Randomly Distributed Trial Court Justice: A Case Study and Siren from the Consumer Bankruptcy World Forthcoming in American Bankruptcy Institute Law Review by Gary Neustadter*
“Between February 24, 2010 and April 23, 2012, Heritage Pacific Financial, L.L.C. (“Heritage”), a debt buyer, mass produced and filed 218 essentially identical adversary proceedings in California bankruptcy courts against makers of promissory notes who had filed Chapter 7 or Chapter 13 bankruptcy petitions. Each complaint alleged Heritage’s acquisition of the notes in the secondary market and alleged the outstanding obligations on the notes to be nondischargeable under the Bankruptcy Code’s fraud exception to the bankruptcy discharge. The notes evidenced loans to California residents, made in 2005 and 2006, which helped finance the purchase, refinancing, or improvement of California residential real property. When issued, the notes were secured by junior consensual liens on the real property, but subsequent foreclosure of senior consensual liens, precipitated by the mid-decade burst of the housing bubble, left the notes unsecured.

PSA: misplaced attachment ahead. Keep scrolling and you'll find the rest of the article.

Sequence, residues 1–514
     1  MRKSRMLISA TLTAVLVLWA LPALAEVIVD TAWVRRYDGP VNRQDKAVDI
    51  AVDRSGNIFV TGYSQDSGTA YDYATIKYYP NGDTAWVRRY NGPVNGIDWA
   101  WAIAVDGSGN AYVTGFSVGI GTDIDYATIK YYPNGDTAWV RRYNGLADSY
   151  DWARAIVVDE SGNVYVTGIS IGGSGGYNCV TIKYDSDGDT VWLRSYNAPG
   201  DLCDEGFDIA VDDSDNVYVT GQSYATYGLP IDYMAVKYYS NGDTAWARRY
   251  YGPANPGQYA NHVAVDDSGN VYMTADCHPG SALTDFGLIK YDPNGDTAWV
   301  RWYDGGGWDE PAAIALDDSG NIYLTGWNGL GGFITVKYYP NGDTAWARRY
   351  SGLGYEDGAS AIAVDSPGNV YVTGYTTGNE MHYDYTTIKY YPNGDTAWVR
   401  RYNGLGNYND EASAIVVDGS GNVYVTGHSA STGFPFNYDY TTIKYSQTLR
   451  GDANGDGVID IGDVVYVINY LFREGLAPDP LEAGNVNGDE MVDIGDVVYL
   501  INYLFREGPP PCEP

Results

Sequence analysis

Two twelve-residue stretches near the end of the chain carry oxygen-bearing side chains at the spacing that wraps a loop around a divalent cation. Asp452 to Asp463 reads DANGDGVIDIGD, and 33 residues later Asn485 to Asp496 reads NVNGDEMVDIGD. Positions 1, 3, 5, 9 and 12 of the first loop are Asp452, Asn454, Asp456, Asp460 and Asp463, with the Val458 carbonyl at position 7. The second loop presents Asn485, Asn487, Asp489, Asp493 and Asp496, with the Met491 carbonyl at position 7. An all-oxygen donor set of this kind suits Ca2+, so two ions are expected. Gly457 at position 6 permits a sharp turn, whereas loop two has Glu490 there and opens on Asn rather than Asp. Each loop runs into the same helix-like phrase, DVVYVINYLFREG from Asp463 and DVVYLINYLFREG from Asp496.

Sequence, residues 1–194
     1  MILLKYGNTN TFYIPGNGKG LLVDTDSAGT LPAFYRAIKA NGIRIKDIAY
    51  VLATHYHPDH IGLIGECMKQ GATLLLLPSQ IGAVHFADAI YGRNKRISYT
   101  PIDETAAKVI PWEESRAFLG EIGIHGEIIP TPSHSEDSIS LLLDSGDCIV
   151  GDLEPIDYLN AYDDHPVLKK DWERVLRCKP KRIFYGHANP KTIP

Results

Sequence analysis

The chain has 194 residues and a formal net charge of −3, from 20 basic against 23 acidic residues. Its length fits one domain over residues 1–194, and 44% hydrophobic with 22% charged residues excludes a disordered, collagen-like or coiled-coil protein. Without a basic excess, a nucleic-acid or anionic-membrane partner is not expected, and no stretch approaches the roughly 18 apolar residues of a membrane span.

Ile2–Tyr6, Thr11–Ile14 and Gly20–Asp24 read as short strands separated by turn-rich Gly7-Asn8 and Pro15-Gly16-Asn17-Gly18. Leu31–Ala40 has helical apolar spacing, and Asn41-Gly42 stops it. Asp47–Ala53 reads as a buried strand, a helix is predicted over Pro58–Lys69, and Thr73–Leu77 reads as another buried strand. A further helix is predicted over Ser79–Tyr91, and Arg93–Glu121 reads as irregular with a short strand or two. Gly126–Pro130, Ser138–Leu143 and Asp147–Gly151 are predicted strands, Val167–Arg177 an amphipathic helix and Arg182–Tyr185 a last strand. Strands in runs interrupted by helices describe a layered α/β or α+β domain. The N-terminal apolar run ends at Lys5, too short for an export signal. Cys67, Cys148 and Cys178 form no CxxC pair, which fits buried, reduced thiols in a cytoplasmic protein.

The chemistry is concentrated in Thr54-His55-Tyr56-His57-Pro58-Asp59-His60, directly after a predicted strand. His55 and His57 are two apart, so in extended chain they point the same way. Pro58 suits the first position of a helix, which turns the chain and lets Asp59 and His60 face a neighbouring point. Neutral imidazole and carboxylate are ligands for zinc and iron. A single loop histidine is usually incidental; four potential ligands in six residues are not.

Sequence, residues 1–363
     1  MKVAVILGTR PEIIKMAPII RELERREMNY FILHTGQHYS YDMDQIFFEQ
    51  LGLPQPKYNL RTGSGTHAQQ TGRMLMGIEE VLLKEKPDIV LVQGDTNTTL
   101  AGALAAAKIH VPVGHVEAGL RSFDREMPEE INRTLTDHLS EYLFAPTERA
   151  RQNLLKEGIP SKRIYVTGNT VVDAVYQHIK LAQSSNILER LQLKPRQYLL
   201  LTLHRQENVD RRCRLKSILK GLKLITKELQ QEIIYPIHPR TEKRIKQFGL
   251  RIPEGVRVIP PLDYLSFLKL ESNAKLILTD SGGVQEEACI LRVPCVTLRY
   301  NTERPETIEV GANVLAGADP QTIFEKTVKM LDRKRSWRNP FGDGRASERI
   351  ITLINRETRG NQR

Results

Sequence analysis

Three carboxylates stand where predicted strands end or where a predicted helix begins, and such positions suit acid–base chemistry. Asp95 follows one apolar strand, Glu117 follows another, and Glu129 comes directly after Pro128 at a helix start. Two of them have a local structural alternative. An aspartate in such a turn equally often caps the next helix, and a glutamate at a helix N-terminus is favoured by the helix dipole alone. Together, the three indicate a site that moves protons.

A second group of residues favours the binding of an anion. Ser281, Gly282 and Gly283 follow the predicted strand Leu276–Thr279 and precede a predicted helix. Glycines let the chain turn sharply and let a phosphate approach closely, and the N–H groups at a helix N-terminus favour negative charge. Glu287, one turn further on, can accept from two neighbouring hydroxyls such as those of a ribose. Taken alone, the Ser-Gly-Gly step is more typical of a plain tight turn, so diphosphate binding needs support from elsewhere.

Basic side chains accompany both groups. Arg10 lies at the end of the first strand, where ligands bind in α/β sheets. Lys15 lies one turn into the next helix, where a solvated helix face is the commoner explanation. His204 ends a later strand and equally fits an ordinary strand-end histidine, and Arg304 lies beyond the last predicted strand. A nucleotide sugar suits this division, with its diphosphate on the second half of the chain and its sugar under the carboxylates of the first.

This article reports an empirical study of these bankruptcy adversary proceedings. Continue reading →
If you really want to revive SAVE the economy… Either the Congressional legislature or the courts are going to have to confiscate the bank patents.
Those on the cutting edge of foreclosure defense realize that the “new” securitization system was completely patented from the cradle to the grave in the USPTO… as if to make it appear legal. From the very inception of securitization starting with the Fannie Mae 1003 loan application software to the Wells Fargo targeted sales system… to foreclosure, REO and beyond …each and every step has been developed by some sharp IT guy and likely the idea and eventual purpose, patent and use was created from an idea by the higher-ups.
If the fraudulent foreclosure scheme, a defunct economy and the lack of any meaningful indictments within the TBTF cabal is bothersome… even in lieu of the huge fines, penalties and settlements for fraudulent activities that would send the average individual to the hoosegow for 150 years (just ask Mr. Madoff), then think about this: Okay, you don’t want to indict them – then confiscate the patents that the banks are using to perpetrate the fraud… ’cause they are still operating business as usual. Continue reading →